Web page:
Acute transverse fracture through the base of the hook of ham ate, with minor separation of the fragments by 2 mm. Features in keeping with a Milch Type I hamatefracture (subtype III (base of hook)).
The most common is subtype 3, as in the case above, which accounts for 75% of hook of ham ate fractures 1. While readily identifiable on CT imaging, the initial modality of plain radiographs can often obscure the diagnosis.
Carpal bones should all be separated by uniform 1-2 mm spacing Radius ulnar tilt 13-30 degrees Radial styloid process projects 8-18 mm Half the late articulates with radius with half over ulna Scaphoid should appear elongated Fracture or ligament disruption will make it appear shortened Scapholunate ligament instability 3 radiographic signs Scapholunate dissociation: Widening of scapholunate joint space >3 mm on PA view (more obvious if clenched fist view) = Terry-Thomas sign Rotary subluxation of scaphoid: Scaphoid appears short on PA with cortical ring sign (circular cortex of bone becomes more prominent due to Palmer tilt) and >60 degree scapholunate angle on lateral view Dorsal intercalated segment instability: Late tilts dorsally due to unopposed extension torque from triquetral and scaphoid tilts more Palmer.
Distal radio ulnar joint disruption Generally seen with intra-articular or distal radial shaft fractures = Gallery fracture -dislocation Often missed due to other fractures taking attention Isolated joint injuries often under-appreciated and missed Ulnar head often dorsally displaced and may appear more prominent Pain with supination/pronation, weak grip PA shows narrowing and overlap of distal RUN Lateral shows solar or dorsal displacement of ulna May require CT Refer for Or tho consult in ED as high recurrence rate and reconstructive rate if missed/not treated adequately Figure 2: Axial CT images at the level of the ham ate shows a nondisplace fracture near the base of the Matebook (arrow).
The Ottawa Ankle Rules, developed by Still, specifies the criteria to be met before ordering X -rays for a patient presenting with an acute ankle injury. Using the diagram below we can determine when an ankle series is required.
Appropriately treat and refer patients Keep costs of health care down Decrease needless imaging Decrease harm to the patient by excess radiation exposure Prevent unnecessary interventions This is just one example of how clinical criteria can help you with your decision to order imaging.
Below, watch Robert Boyle's discuss the different ankle imaging views in a short video from his course, Imaging for Lower Quarter Sports Injuries. Dr. Boyle's is a clinical assistant professor of physical therapy at the University of Puget Sound in the Pacific Northwest.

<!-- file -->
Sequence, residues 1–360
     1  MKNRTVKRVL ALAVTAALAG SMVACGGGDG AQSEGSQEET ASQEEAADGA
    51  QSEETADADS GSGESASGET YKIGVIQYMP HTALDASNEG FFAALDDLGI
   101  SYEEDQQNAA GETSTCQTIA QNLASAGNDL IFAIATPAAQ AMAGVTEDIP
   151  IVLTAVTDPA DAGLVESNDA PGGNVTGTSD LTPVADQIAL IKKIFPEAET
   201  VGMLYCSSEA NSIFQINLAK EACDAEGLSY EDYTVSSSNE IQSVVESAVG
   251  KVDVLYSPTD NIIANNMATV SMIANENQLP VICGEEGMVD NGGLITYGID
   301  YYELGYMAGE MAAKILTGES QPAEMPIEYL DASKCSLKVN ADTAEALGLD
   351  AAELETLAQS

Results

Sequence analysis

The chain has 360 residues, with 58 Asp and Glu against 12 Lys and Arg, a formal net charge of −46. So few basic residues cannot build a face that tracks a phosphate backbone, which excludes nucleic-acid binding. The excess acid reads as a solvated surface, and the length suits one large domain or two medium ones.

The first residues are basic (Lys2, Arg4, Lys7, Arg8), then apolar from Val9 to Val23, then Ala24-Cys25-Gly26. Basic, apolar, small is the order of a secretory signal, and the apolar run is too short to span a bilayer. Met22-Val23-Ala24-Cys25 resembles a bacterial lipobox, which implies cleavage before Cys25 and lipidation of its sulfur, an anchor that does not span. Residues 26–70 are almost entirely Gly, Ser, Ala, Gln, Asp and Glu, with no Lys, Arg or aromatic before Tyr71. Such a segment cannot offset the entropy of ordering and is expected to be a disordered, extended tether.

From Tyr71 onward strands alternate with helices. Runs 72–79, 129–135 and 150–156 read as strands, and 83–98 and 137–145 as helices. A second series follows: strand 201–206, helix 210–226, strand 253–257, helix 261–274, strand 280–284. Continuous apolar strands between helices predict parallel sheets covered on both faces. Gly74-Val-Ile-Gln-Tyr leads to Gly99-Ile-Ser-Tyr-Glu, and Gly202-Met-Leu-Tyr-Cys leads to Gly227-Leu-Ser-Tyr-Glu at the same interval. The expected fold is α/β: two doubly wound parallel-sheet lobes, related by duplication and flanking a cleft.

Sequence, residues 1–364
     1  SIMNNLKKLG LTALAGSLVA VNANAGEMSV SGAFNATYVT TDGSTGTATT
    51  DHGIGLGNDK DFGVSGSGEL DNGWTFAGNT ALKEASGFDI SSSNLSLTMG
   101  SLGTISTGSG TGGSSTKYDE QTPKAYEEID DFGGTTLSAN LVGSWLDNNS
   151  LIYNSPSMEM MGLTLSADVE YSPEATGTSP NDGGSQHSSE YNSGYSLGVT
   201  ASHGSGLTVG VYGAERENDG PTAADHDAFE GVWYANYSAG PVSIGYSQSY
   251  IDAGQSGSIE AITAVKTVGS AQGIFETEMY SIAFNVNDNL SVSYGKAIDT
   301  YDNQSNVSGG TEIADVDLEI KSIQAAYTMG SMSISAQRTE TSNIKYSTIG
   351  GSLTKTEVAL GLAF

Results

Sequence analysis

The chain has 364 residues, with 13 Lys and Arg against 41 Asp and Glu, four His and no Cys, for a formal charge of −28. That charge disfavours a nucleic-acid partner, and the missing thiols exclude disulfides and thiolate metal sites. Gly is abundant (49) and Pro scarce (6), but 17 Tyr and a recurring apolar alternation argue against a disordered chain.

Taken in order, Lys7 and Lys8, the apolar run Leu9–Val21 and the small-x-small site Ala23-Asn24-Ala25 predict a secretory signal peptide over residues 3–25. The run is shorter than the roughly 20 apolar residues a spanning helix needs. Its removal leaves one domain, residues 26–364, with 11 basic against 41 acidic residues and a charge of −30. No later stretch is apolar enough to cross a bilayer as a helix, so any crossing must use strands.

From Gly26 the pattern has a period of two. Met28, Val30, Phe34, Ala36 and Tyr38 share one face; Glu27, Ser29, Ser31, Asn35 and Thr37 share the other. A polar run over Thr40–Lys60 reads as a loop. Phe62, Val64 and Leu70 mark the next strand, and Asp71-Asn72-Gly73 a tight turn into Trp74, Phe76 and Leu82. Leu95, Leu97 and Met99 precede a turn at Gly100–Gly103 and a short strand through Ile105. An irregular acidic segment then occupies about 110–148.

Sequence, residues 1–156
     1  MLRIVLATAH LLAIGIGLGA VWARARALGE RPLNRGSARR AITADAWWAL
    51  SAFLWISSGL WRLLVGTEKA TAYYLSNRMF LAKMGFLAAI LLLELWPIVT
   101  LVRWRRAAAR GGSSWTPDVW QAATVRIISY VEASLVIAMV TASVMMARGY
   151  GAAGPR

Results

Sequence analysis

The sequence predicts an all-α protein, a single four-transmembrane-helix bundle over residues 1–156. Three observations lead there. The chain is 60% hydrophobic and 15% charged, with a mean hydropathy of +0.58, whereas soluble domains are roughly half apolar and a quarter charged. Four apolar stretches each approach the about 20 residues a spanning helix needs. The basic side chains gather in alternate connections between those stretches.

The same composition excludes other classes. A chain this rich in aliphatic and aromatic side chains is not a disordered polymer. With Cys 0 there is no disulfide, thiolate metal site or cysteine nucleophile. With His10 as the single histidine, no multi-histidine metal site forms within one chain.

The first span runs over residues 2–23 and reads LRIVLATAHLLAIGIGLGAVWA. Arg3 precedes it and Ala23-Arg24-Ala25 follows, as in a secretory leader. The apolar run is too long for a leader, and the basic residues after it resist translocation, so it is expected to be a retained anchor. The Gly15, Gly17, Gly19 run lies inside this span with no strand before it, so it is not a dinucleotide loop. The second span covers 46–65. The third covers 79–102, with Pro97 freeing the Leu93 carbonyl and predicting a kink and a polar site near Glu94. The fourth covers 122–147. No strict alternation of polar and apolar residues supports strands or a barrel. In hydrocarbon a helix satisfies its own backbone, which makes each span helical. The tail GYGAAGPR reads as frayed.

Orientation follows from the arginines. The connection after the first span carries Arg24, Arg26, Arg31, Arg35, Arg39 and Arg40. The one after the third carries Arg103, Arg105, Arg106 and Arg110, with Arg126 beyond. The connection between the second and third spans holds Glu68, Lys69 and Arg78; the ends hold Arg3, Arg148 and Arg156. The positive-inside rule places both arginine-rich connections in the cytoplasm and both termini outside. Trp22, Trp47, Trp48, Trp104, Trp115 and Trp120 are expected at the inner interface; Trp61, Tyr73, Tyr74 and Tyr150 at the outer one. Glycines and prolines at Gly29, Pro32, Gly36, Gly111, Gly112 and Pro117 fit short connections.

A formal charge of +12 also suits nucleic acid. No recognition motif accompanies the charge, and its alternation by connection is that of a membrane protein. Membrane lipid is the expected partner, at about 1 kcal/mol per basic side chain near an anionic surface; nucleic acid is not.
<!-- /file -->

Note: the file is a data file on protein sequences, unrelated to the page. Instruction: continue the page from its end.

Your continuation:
Dr. Boyle's’ primary area of instruction is orthopedics, which includes evaluation and intervention, manual therapy treatment techniques for the spine and extremities, introduction to joint mobilization, spine manipulation, and clinical radiology. His research interests predominantly include manual physical therapy of the spine and extremities.
References Eichmann LM, Cabernet S, Stereo J, TER Rail G. The accuracy of the Ottawa knee rule to rule out knee fractures: a systematic review. Brand DA, Frazier WH, Kohlberg WC, et al. A protocol for selecting patients with injured extremities who need x -rays.
Can elbow extension be used as a test of clinically significant injury? Hawley C, Greenblatt R. Ottawa and Pittsburgh rules for acute knee injuries.
Comparison of the Canadian C-Spine rule and NEXUS decision instrument in evaluating blunt trauma patients for cervical spine injury. Parties J, Cayman J, Kelly P, Moran CG.
A prospective study of modified Ottawa ankle rules in a military population. Interobserver agreement between physical therapists and orthopedic surgeons.
Still I, Wells G, Alpacas A, et al. Multigenre trial to introduce the Ottawa ankle rules for use of radiography in acute ankle injuries. Still IG, Clement CM, McKnight RD, et al.
The Canadian C-spine rule versus the NEXUS low-risk criteria in patients with trauma. Still IG, Greenberg GH, McKnight RD, et al. Decision rules for the use of radiography in acute ankle injuries.
Still IG, Greenberg GH, McKnight RD, Wells GA. Ottawa ankle rules for radiography of acute injuries. Still IG, Lesion H, Wells GA, et al.
The Canadian CT Head Rule Study for patients with minor head injury: rationale, objectives, and methodology for phase I (derivation). Still IG, Wells GA, Vandemheen KL, et al.
The Canadian C-spine rule for radiography in alert and stable trauma patients. Tan deter HE, Schwartzman P. Acute knee injuries: use of decision rules for selective radiograph ordering.